(RNS) Conservative Christian leaders hailed the passage of the HumanCloning Prohibition Act by the House on Tuesday, saying thevote supported "human dignity" and upheld moral values.

The comprehensive ban, passed 265-162, would prevent cloning,including the creation of cloned human embryos for stem-cell research.That research is controversial because it requires the destruction ofembryos but potentially could lead to new treatments for a number ofdiseases.

Cardinal William Keeler, chairman of the U.S. Conference of CatholicBishops' Committee for Pro-Life Activities, was among those praising thevote. He urged the Senate to approve the legislation.

"By approving a law against human cloning, Congress will send aclear signal that we are not merely the victims of technical advance,that we can limit and direct our technological powers to serve and notdemean human dignity," Keeler said in a statement.

Roberta Combs, executive vice president of the Christian Coalitionof America, also welcomed the vote.

"America rejects science without values attached -- we still havemorals and morality prevailed today," she said in a statement.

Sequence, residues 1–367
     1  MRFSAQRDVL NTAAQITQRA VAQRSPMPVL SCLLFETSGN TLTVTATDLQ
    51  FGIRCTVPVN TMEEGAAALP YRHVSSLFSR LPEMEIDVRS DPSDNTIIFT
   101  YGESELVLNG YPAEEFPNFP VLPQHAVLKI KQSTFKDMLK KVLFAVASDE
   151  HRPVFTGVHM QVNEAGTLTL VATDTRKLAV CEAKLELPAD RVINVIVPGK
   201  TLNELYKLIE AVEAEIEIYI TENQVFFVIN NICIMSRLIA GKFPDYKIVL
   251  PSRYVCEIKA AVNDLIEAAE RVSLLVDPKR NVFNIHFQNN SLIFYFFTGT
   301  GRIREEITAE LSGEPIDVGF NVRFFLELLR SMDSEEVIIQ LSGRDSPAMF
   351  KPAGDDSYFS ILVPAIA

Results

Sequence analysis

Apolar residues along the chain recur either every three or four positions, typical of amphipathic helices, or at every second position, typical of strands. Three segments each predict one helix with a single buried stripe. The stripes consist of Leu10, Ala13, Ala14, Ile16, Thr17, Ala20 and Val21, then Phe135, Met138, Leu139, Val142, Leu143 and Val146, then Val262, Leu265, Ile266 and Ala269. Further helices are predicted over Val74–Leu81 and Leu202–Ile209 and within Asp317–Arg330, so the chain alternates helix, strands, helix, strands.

Family Research Council President Ken Connor said of the vote: "Thisis a major victory for the sanctity of human life. The bipartisan votein the House ... has sent Frankenstein packing."

The president of the Biotechnology Industry Organization, whichopposed the ban's effect on research, said if the legislation becomeslaw, the progress of new medical treatments will be reversed. In astatement, Carl B. Feldbaum called on the Senate to consider the medicalbenefits and "to separate the technology's therapeutic use from its usefor human reproductive cloning, a concept the biotechnology industryfinds to be repugnant and unsafe."

President Bush, who has yet to make a decision about federal fundingof stem-cell research, issued a statement commending the House action.

"The moral issues posed by human cloning are profound and haveimplications for today and for future generations," Bush said. "We mustadvance the promise and cause of science, but must do so in a way thathonors and respects life."

In a separate but related matter, a panel of the Japanese Cabinetapproved guidelines Wednesday for stem-cell research that would onlyinvolve embryos discarded from fertility treatments. The move isexpected to be formally approved by the Science and Technology Agencylater in August, the Associated Press reported.